What Facebook’s YouTube-style ad revenue split means for video marketers

Facebook is finally introducing a way for video creators to earn ad revenue, adopting YouTube’s revenue sharing percentage in a move that smart marketers could look to exploit by testing the platforms contrasting user behaviours in parallel.

When a Facebook user goes to watch a video later this year they will be taken to a Suggested Video feed that show recommendations with branded videos wedged between them, much like TV ads. Similar to YouTube, Facebook will keep 45 per cent of the revenue these videos make and give the rest to their creator.

According to Variety, the amount of time people watch the video will factor into the size of the pot that’s split. It is not yet clear whether this means people will have to watch the full ad to ensure advertisers receive the maximum money.

While a test (for now), the move could close the gap on Google and ultimately give brands more opportunities and flexibility in activating video based content campaigns. However, is it also the catalyst for a game changing innovation from YouTube. Rather than be backed into one camp just yet, smart marketers will start testing Facebook and YouTube video in parallel and either optimise investment levels live to the better performing platform or make a final strategic decision between the two as a central part of their post campaigns analysis.

Daily videos on Facebeook went from one billion in September to four billion in April and eMarketer estimates that US adults will spend 6.4 per cent of their time per day there. And yet consuming video on Facebook is still arguably a passive behaviour with people not necessarily having watched a post because it appeared in their feed. For YouTube, it’s an active process because people normally visit and search for specific content.

Paolo Nieddu, managing partner of content at AnalogFolk London, said the more “astute brands and agencies” will consider the contrasting ’Seek (YouTube) versus Serve (Facebook)’ user behaviours on the two platforms and how they can “actually be harnessed to complement each other as part of the same campaign”.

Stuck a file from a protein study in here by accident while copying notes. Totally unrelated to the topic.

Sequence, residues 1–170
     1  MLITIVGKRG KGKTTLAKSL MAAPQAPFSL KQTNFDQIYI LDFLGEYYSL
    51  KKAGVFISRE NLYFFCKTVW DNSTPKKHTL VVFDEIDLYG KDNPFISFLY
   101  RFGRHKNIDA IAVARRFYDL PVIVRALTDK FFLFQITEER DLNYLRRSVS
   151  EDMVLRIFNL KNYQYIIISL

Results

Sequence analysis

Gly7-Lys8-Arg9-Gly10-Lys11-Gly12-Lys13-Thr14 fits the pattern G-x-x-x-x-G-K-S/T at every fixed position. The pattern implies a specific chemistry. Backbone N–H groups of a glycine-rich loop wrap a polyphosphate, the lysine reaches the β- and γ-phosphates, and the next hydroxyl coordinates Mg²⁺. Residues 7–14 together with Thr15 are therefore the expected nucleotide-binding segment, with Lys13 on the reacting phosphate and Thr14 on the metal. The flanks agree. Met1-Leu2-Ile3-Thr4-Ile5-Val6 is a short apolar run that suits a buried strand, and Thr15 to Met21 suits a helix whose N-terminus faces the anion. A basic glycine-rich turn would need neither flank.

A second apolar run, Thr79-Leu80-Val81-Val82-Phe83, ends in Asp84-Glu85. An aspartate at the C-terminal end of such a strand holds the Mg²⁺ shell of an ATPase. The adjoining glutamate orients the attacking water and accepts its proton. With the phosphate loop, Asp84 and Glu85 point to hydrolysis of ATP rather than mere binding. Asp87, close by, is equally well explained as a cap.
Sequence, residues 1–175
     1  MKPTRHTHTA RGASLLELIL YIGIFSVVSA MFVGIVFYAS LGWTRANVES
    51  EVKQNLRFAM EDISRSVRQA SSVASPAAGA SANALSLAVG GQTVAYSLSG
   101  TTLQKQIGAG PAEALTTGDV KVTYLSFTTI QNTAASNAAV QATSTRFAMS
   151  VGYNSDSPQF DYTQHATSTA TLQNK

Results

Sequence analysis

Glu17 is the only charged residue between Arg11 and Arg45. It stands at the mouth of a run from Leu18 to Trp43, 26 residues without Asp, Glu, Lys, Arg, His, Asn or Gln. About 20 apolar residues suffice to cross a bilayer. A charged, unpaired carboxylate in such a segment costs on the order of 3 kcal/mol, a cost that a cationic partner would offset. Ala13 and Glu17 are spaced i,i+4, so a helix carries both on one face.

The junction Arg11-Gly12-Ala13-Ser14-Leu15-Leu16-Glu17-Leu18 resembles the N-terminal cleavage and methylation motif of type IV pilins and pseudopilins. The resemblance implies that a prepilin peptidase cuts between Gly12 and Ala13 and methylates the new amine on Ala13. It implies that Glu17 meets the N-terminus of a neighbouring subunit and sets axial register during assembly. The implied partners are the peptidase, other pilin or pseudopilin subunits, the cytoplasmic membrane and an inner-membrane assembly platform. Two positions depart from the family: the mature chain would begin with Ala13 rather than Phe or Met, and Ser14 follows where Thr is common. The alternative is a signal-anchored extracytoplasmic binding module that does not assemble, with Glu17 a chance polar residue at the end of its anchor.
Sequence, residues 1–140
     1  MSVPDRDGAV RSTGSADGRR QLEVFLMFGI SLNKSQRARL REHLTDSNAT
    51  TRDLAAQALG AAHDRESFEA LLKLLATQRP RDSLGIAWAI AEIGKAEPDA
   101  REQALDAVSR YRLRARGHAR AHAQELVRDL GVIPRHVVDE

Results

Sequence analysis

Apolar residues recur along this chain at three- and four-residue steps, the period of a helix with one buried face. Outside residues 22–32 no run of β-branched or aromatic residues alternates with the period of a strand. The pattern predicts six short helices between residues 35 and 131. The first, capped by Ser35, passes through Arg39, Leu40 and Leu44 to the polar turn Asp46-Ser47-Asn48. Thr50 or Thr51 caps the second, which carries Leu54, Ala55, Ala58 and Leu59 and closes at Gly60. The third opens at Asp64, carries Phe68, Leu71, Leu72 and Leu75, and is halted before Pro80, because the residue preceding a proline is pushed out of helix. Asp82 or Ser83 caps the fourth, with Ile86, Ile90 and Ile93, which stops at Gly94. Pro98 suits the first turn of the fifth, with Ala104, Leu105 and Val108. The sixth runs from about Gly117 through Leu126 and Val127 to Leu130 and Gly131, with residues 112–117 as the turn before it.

“If executed correctly Facebook could act as a mass reach and /or laser targeted discovery tactic to drive awareness of long-form content campaigns on YouTube for example,” he continued. “In addition, let’s not forget the usage behaviours that straddle the real world too. We’ve all been in the ‘I’ve got to show you this video’ moment in the pub with friends. The natural inclination is to search for said video on your smartphone via YouTube, an inherent behaviour I don’t believe Facebook will be able to affect (yet).”

It remains to be seen whether Facebook’s Suggested Videos will be profitable for its early adopters like the NBA and Fox Sports. In a worst case scenario those advertisers will get further branding for themselves and best case they will get more money as daily video views grow.

If the potential for making money isn’t as good as YouTube, then Facebook may not be able to take YouTube as the dominant video platform. By adopting YouTube’s revenue split from the outset, Facebook isn’t just assuming that marketers are going to switch in their droves because of its mass reach and realises it needs to offer decent return on investment or the switch from YouTube will stutter.

Jed Hallam, head of digital strategy at Mindshare said: “The battle for video viewing is certainly heating up, with Twitter announcing better viewability standards, YouTube/Google denouncing its competitors, and now Facebook offering revshare with original content creators. From a Facebook perspective, this is another brick in the wall of its burgeoning media empire, as it begins to cement itself as a destination for original content (‘Facebook-first’ native publishing deals with a number of high profile publishers). From a media perspective we’ll be watching this closely, as ever, the formats might be exciting, and the concept might be interesting, but we’ll need to see consumers thinking that way too.”

Facebook has turned up the heat in its battle for video budgets with Google. For advertisers, it is a chance to gain valuable insight into the next stage of video monetisation on both platforms as they try to understand how best to plan their media buys.

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